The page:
วัดนักบุญฟรังซีสเซเวียร์ สามเสน

Friday, February 6th. Holy Gospel of Jesus Christ according to St Mark 6:14-29.


THANK YOU

 National Catholic Broadcasting Council.

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DAILY MASS

with
Fr. Gilles Mongeau celebrates Daily Mass from St. Basil’s Church in Toronto

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CatholicTV

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DAILY ROSARY

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Father Robert Reed prays the Glorious Mysteries of the Rosary

On a fall day in the Blue Hills of New England.

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Friday of the Fourth week in Ordinary Time

6 February 2015

 “I want you to give me at once on a platter the head of John the Baptist.”

PUVIS_~1

Holy Gospel of Jesus Christ according to Saint Mark 6:14-29. 

King Herod heard about Jesus, for his fame had become widespread, and people were saying, «John the Baptist has been raised from the dead; That is why mighty powers are at work in him.» Others were saying, “He is Elijah”; still others, “He is a prophet like any of the prophets.”

But when Herod learned of it, he said, “It is John whom I beheaded. He has been raised up.” Herod was the one who had John arrested and bound in prison on account of Herodias, the wife of his brother Philip, whom he had married. John had said to Herod, “It is not lawful for you to have your brother’s wife.” Herodias harbored a grudge against him and wanted to kill him but was unable to do so.

Herod feared John, knowing him to be a righteous and holy man, and kept him in custody. When he heard him speak he was very much perplexed, yet he liked to listen to him. She had an opportunity one day when Herod, on his birthday, gave a banquet for his courtiers, his military officers, and the leading men of Galilee. Herodias’s own daughter came in and performed a dance that delighted Herod and his guests.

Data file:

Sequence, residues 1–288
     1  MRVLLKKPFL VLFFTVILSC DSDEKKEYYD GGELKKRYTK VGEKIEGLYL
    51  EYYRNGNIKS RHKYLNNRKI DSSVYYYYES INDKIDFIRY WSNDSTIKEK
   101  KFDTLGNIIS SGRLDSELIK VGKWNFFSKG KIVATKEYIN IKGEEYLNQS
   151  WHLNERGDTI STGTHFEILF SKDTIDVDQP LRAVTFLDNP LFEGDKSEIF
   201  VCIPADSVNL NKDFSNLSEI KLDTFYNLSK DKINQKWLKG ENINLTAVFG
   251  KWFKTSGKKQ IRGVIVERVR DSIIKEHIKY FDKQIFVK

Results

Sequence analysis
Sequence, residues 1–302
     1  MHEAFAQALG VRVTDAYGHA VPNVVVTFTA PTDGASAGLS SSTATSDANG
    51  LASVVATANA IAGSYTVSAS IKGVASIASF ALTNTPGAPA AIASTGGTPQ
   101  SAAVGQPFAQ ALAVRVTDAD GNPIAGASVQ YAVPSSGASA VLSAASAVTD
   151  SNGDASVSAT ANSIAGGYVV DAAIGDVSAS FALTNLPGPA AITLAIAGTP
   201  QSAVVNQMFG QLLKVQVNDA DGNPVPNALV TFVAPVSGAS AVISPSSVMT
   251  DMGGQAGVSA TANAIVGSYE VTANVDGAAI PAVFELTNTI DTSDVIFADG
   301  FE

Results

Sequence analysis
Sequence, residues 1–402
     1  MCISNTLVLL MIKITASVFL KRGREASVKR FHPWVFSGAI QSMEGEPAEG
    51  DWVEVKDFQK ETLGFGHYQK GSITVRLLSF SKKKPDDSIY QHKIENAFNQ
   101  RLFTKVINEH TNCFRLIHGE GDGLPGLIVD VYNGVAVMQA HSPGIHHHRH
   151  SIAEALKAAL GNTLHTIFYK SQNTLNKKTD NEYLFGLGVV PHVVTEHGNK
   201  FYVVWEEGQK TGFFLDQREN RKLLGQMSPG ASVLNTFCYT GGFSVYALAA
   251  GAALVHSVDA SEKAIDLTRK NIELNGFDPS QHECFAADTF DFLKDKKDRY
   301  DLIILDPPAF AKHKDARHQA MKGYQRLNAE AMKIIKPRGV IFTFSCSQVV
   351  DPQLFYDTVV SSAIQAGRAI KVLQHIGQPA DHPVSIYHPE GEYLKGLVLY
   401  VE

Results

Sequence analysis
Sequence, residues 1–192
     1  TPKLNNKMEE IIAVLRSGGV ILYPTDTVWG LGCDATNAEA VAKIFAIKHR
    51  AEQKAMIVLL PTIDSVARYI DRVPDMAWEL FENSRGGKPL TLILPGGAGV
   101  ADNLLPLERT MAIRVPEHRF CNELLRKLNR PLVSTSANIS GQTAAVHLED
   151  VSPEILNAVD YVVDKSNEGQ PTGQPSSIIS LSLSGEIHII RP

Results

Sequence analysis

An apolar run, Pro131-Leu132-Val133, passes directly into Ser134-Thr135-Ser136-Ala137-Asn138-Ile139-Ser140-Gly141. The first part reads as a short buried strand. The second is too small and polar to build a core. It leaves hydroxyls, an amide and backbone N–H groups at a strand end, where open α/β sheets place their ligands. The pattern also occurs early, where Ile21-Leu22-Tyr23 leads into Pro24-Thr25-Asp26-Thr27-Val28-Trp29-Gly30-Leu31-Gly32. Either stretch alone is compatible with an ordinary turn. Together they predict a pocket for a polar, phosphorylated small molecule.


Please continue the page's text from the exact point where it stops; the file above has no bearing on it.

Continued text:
The king said to the girl, “Ask of me whatever you wish and I will grant it to you.” He even swore (many things) to her, “I will grant you whatever you ask of me, even to half of my kingdom.” She went out and said to her mother, “What shall I ask for?” She replied, “The head of John the Baptist.”

The girl hurried back to the king’s presence and made her request, “I want you to give me at once on a platter the head of John the Baptist.” The king was deeply distressed, but because of his oaths and the guests he did not wish to break his word to her. So he promptly dispatched an executioner with orders to bring back his head. He went off and beheaded him in the prison. He brought in the head on a platter and gave it to the girl. The girl in turn gave it to her mother. When his disciples heard about it, they came and took his body and laid it in a tomb.

Image: From Wikipedia, the free encyclopedia

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Friday of the Fourth week in Ordinary Time

6 February 2015

Saints of the day

St. Paul Miki & his companions, Martyrs (+ 1597) – Memorial